It has thus been recognized that better sealing around the anchor regions of elastic water-stops was needed. The injection-sealed type of water-stop is illustrated in W. German Pat. No. 1,116,369 (Grunau). In this type of prior water-stop, one or more tubes are integrally molded in each of the enlarged elastic anchor portions and, after the concrete is poured, a fluid self-setting or self-curing material is injected into the tubes under pressure which is maintained until the concrete sets and the fluid material solidifies and becomes solid in the tube. The pressurized expansion of the anchor portions is supposed to compensate for the shrinkage of the concrete. While the latter occurs, such expansion can not fill porous regions of concrete around the anchors nor can it effectively seal cracks, fissures or other imperfections which penetrate the concrete matrix to a significant depth away from the anchor. Permeation leakage of water under pressure can still occur around the ends of the expanded water-stop.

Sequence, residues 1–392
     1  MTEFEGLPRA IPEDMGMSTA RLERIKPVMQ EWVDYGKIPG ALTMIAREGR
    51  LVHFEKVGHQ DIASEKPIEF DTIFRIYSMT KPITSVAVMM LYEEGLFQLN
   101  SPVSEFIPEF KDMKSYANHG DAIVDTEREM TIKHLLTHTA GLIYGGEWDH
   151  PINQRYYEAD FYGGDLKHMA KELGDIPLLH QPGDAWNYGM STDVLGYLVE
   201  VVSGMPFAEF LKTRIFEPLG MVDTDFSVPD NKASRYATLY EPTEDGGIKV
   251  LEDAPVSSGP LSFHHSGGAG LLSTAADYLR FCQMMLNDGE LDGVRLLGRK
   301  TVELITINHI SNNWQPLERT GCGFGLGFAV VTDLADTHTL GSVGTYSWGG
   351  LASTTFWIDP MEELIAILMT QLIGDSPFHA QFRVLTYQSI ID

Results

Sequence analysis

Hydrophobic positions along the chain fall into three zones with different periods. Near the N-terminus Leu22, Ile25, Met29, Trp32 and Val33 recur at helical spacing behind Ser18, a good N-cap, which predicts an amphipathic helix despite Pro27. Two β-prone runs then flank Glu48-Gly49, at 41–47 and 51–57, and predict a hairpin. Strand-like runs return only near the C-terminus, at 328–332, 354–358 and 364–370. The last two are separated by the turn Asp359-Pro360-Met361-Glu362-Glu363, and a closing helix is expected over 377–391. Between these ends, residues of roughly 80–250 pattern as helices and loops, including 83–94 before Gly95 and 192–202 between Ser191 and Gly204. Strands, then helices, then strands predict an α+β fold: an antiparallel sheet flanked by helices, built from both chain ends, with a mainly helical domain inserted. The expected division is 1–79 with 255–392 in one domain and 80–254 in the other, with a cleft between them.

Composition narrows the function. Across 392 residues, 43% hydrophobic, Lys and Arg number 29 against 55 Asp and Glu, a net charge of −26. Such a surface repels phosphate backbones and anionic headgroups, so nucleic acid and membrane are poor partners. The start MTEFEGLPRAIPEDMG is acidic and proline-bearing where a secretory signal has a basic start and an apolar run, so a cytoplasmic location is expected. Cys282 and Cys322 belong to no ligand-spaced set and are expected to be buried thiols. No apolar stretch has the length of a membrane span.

Environmental pollution of waters has posed unusual problems for older dams and tunnels sealed by crushable metal seals, usually those made of copper. Industrial acids in streams, canals, and other surface drainage areas are rapidly consuming such metal seals with attendant rising leakage rates. The crushable metal type of seal has heretofore been the only type of seal considered effective under high hydrostatic heads of 10 to 30 meters or more.
Surprisingly, it has been found that the above disadvantages of existing water-stops, and especially of elastic water-stops, can be overcome by an elastic water-stop which has incorporated therein a displaceable and/or rupturable element attached to the anchor elements and especially to a metal anchor element, such displaceable or rupturable element being adapted to being ruptured, displaced and/or compressed by the injection under pressure of a fluid form of a self-curing or self-setting polymeric or otherwise setable material whereby the fluid material escapes into the concrete matrix filling and sealing any imperfection therein. After in situ cure or setting in such imperfections of the injected material occurs, permeation leakage of water around the water-stop anchors is much less likely to occur and any leakage as occurs will be much smaller and longer delayed.